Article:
Making Time for What’s Important

“A clock with the big hand at 12 and little hand at 10” by Tristan Colangelo on Unsplash

A few years ago, I tripped across the line:

Replace the words “I don’t have time” with “It’s not important to me” and see how it feels.

The idea was to recognize prioritizing certain things over other things. The things that are important should have room in your life.

I ran across this line again the other day, or a variation thereof. A few years ago, I was all over that line, thinking “YES! I can feel so much better if I can only focus on the things that are IMPORTANT to me!” Now, I’m not so sure.

A few years ago, I read Marie Kondo’s The Life-Changing Magic of Tidying Up, a book dedicated to fierce decluttering of the home, and only keeping items that “spark joy.” Quite literally, holding an item in your hands and saying “Do you bring me joy?” If not, get rid of it. While I appreciated the overall sentiment of the book, I found myself wondering if it could really apply to everything. A can opener doesn’t really bring me joy, but I need to keep it. Diapers certainly don’t bring me joy.

Kondo clarified later to look at necessary household objects along these lines: “If I don’t have a can opener, I cannot open cans. Therefore, this item brings me joy. If I don’t have diapers, the baby poop will be everywhere. Therefore, diapers bring me joy.”

When re-reading the line recently about saying “it’s not important to me” I found myself with similar misgivings that I had when I read Marie Kondo. We are not an overly-scheduled family. My kids (ages 8 and 6) do swimming lessons for part of the year because swimming is a necessary life skill, and for six weeks in the winter they participated in a one-hour afterschool art class, but that’s it. No soccer practice, no music lessons. We have done activities through the park district and taekwondo classes in the past, but found that the kids much preferred to just be at home. And that is completely fine — we enrich their lives in other ways, like trips to the museum, or playdates with friends. Just not recurring commitments.

So then I look at the waking hours of the day and still wonder how I can fit it all in. Laundry is important, so that we have clean clothes. Helping my son practice his spelling words is important, so that he can do well on his test. Work is important, so that we can pay bills. Talking to my husband every night is important, so that we can keep our overall household running.

I do write, daily, though not nearly as much as I would like. Often it is merely recapping the day, or a blog post. I often feel that I then have to move writing up and down the rungs on the ladder of priority. Running to Target because we are out of cereal might have to occupy my morning instead of sitting with a cup of coffee and writing, no matter how much I wish it were otherwise.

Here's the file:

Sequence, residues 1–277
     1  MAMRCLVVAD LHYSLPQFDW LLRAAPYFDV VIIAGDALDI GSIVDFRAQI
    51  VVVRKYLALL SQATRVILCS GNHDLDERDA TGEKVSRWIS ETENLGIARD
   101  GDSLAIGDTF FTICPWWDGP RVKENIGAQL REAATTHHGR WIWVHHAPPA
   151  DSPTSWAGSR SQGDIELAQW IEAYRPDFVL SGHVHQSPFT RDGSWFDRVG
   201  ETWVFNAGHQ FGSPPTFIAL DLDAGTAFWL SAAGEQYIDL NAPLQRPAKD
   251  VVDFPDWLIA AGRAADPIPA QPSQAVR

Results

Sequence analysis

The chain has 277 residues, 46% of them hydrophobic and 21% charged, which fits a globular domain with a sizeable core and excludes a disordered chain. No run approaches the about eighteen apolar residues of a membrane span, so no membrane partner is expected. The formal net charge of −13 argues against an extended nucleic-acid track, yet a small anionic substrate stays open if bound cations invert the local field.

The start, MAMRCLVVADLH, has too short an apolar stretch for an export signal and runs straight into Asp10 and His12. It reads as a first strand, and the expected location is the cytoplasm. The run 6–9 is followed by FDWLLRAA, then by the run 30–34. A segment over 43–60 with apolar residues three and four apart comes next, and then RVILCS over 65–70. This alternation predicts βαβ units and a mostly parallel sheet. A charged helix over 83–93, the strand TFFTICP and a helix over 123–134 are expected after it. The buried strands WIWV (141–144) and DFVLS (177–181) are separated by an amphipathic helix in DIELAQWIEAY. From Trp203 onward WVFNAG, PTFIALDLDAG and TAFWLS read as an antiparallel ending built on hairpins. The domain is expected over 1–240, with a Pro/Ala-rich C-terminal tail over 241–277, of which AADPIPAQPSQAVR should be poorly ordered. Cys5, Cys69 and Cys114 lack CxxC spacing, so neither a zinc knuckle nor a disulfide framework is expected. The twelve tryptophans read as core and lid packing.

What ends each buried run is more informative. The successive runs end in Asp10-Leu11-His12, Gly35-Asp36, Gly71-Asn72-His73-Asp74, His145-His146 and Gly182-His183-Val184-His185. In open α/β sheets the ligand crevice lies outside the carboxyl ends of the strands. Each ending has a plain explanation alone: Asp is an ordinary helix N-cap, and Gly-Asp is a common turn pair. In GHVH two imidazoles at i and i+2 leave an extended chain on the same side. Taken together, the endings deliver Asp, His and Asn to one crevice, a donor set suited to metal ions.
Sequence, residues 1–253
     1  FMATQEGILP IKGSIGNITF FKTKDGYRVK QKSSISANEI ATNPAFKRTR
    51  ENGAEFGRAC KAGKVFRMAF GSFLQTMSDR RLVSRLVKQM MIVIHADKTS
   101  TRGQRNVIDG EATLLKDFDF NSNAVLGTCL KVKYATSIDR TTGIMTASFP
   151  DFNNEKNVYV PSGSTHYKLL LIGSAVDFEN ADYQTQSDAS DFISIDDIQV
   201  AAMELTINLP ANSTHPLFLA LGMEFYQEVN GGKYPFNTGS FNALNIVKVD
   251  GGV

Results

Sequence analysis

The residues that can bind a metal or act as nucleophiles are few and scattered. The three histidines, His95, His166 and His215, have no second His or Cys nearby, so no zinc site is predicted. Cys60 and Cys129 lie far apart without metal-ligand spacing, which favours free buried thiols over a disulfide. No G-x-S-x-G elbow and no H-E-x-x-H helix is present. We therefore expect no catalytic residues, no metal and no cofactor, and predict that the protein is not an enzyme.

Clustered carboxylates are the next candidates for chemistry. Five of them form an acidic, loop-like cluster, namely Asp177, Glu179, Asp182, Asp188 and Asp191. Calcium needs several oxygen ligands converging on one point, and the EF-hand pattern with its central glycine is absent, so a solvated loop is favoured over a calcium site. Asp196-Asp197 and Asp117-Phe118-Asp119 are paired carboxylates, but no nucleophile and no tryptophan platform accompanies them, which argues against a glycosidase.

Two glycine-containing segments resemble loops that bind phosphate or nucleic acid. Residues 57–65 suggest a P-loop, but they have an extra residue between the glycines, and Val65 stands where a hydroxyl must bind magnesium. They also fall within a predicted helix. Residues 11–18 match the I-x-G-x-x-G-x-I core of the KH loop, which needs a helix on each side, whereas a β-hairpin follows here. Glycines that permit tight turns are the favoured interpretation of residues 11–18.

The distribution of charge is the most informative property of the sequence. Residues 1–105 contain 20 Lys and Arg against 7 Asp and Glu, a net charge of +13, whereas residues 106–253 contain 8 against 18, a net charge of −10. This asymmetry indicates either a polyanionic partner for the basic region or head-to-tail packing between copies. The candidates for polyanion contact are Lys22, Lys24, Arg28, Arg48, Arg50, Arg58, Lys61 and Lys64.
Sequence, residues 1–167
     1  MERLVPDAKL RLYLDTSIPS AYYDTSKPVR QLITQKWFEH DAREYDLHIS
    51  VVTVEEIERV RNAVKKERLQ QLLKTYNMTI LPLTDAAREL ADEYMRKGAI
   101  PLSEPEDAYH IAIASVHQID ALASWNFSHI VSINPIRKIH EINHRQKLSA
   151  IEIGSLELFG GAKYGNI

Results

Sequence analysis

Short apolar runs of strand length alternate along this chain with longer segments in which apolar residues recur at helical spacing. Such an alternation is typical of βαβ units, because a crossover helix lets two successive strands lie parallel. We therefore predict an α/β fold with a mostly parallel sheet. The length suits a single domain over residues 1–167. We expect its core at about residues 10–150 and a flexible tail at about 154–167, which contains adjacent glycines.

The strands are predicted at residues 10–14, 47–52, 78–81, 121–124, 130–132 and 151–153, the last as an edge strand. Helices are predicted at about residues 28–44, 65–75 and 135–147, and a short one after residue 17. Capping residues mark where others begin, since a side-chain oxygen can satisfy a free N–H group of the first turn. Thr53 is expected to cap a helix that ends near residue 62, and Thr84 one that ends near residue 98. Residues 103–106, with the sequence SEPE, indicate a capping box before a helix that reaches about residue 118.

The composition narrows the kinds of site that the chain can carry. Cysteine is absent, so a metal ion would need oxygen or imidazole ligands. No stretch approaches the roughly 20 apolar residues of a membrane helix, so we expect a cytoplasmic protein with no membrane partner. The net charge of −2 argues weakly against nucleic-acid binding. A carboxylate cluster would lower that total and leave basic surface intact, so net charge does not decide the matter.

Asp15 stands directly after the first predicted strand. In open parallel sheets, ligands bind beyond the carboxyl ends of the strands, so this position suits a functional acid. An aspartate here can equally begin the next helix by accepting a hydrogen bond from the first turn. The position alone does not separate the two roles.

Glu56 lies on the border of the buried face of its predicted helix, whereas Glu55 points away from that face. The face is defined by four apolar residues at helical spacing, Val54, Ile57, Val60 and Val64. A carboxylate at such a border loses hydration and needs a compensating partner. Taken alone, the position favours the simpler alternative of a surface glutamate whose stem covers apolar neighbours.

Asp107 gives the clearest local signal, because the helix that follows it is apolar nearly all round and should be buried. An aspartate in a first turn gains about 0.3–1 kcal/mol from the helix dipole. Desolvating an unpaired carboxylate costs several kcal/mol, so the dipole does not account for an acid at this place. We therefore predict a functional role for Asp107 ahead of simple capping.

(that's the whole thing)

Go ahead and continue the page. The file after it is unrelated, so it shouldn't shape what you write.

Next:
Recently, a woman I know announced that she has the final proof of her book in her hands. I was so happy for her… and a bit jealous. She blogged about how she spent several years working on it, and pushed other things aside to focus on her book, saying “there were times I have to put the book first.”

I was jealous, because I can’t put writing first, no matter how much I want to. I have three young kids and putting writing first would mean (short of outright neglect) that I would miss out on these limited years I have with them. It would mean relying on my husband to take on a larger share of household duties so that I could lock myself in a room and right and that’s not what he signed up for: we work hard at being equal co-parents.

I try to tell myself that it will not always be this way. In the distant future, the kids will all be out of the house (quite distant, since I have a 7-month-old). The demands on my day will be less. I console myself further that the small amount of writing that I am doing now will lend itself someday to a more dedicated practice.

This morning, the baby woke up at 6:15. After changing her diaper, I sat her beside me while I wrote. She played with a stuffed animal and gurgled while I was able to spend about thirty minutes before the rest of the household woke up. Literally hitting publish as my big kids came barging into the room.

It is important. And for now, it is enough.

To read the writing that I do about pregnancy loss and grief, you can head over to my blog, Grieving Out Loud.

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